This is in addition to the four booklets I’ve written that have arisen out of the Goldsmiths MA in Children’s Literature, on issues such as how literary theory can be used in education, how to write and read for pleasure in schools. These are a continuation of books I’ve written for teachers and school students on writing and creative education such as ‘What is Poetry?‘, ‘Good Ideas’ and ‘Book of Play’.

Prior to the pandemic, an important part of my work has been to visit schools, libraries, book festivals and literary festivals to perform my poems, take part in discussions and run poetry workshops. Since the pandemic, I’ve been carrying on with that in the more limited form of zoom calls into schools. As part of this work, I also do talks for teachers’ INSETs, and teachers’ conferences on e.g., how and why we create a reading for pleasure environment.

I work within the field of Holocaust Education arising out of my own family’s experience, and in conjunction with my books, ‘The Missing’ and ‘On the Move’ (both published by Walker Books). In particular, I’ve worked with History Works doing workshops encouraging middle school groups to respond to Holocaust and genocide testimony, poetry and song on themes of persecution, refugees and resistance.

For children, I am continuing to write poetry, stories and picture book texts.

I’ve ritten books for adults such as ‘Alphabetical‘, ‘The Disappearance of Emile Zola’ and a memoir, ‘So They Call You Pisher!‘. Most recently, I have written a book about my experiences of Covid and recovery, ‘Many Different Kinds of Love’ (Ebury), which has taken me into the field of medicine education, patient testimony and nursing training.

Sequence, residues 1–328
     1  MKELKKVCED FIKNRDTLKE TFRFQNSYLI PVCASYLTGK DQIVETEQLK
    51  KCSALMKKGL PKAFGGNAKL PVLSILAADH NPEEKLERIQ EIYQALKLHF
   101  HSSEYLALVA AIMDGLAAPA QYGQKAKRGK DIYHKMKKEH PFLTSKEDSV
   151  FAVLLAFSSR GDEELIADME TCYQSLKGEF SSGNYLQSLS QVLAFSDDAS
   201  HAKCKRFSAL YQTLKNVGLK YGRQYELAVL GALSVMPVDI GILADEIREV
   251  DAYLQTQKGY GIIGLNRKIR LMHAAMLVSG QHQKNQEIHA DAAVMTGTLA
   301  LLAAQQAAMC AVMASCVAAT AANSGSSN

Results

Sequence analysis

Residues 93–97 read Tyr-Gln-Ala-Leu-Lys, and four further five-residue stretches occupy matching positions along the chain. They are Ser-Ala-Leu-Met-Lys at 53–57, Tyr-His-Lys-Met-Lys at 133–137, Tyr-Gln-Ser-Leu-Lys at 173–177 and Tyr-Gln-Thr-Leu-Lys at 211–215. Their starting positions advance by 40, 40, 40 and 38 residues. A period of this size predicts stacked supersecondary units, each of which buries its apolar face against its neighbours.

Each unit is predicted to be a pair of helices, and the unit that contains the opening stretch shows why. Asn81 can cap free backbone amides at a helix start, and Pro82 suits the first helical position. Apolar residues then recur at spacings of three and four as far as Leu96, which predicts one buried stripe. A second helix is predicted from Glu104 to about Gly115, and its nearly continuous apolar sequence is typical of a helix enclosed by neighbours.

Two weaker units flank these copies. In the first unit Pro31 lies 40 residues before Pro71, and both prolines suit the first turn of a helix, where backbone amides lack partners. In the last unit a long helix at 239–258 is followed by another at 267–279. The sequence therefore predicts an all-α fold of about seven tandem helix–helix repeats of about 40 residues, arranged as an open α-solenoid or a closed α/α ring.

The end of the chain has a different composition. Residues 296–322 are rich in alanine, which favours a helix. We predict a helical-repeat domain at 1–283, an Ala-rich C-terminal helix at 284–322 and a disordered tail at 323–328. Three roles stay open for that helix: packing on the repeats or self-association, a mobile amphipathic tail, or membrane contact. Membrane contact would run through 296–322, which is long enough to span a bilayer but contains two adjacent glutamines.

Blog by Michael Rosen

Representation Matters in Children’s Literature

Ella Asheri, as part of the team at the Goldsmiths’ Development and Alumni Office, brought together this inspiring online event to ask difficult questions and discuss future directions within children’s and Young Adult literature. This overarching question framed the debate: What does it mean to see yourself represented in a story? The event was positioned in this way to spark debate and provide a space to discuss diverse stories.

Goldsmiths has been home to some of the most exciting and radical voices of children’s literature. From founding initiatives to promote creative learning in Arabic, to writing stories about black gay teens reclaiming their identities through drag, Goldsmiths alumni are leading the way in challenging societal structures by creating diverse stories for children and young adults.

(Publicity for the event which was held on 31 March 2021)

The panellists, alumni Soheir Abaza, Dean Atta and Nadine Kaadan, shared their experiences as writers and illustrators advocating for change in children’s literature. As facilitator of the panel discussion, I was lucky enough to have known all the panellists as students at Goldsmiths. Their biographies illuminate the groundbreaking work of the three panellists in the field of children’s literature and education.